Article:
In FIG. 16A, an integrated circuit device including a memory may be used as the integrated circuit device 10. In this case, the integrated circuit device 10 writes image data from the host device 410 into the built-in memory, and reads the written image data from the built-in memory to drive the display panel. In FIG. 16B, an integrated circuit device which does not include a memory may be used as the integrated circuit device 10. In this case, image data from the host device 410 is written into a memory provided in the image processing controller 420. The integrated circuit device 10 drives the display panel 400 under control of the image processing controller 420.

Although only some embodiments of the invention have been described in detail above, those skilled in the art would readily appreciate that many modifications are possible in the embodiments without materially departing from the novel teachings and advantages of the invention. Accordingly, such modifications are intended to be included within the scope of the invention. Any term (e.g. data signal, L level, or H level) cited with a different term (e.g. input signal, first voltage level, or second voltage level) having a broader meaning or the same meaning at least once in the specification and the drawings can be replaced by the different term in any place in the specification and the drawings. The configuration, arrangement, and operation of the integrated circuit device and the electronic instrument are not limited to those described in the above embodiments. Various modifications and variations may be made.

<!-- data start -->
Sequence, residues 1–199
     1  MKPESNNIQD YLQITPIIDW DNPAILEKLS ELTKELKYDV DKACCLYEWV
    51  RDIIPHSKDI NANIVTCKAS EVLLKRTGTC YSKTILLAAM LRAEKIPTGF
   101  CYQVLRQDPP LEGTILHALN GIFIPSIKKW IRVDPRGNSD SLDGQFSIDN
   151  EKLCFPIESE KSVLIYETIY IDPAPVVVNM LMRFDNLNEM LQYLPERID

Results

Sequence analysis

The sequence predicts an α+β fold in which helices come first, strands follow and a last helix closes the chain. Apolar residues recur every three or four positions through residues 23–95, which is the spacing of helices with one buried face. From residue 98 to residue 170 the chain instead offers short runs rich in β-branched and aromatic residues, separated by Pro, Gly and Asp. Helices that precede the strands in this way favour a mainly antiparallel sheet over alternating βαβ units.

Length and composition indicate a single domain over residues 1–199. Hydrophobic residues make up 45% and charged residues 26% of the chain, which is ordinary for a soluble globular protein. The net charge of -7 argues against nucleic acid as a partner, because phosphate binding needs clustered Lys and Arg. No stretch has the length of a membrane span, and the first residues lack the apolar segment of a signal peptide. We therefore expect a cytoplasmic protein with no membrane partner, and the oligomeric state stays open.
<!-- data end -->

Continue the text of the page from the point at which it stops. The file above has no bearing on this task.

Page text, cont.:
Patent Citations
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Classifications
U.S. Classification327/603, 257/355, 327/551, 327/379, 327/564, 361/56, 326/41
International ClassificationH03K17/687
Cooperative ClassificationH03K19/00361, H01L27/0251
European ClassificationH03K19/003J4
Legal Events
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Oct 10, 2006ASAssignment
Owner name: SEIKO EPSON CORPORATION, JAPAN
Free format text: ASSIGNMENT OF ASSIGNORS INTEREST;ASSIGNORS:NOMIZO, HIROAKI;ISHIKAWA, ATSUSHI;TAMURA, TSUYOSHI;REEL/FRAME:018400/0296
Effective date: 20060928
Aug 12, 2015FPAYFee payment
Year of fee payment: 4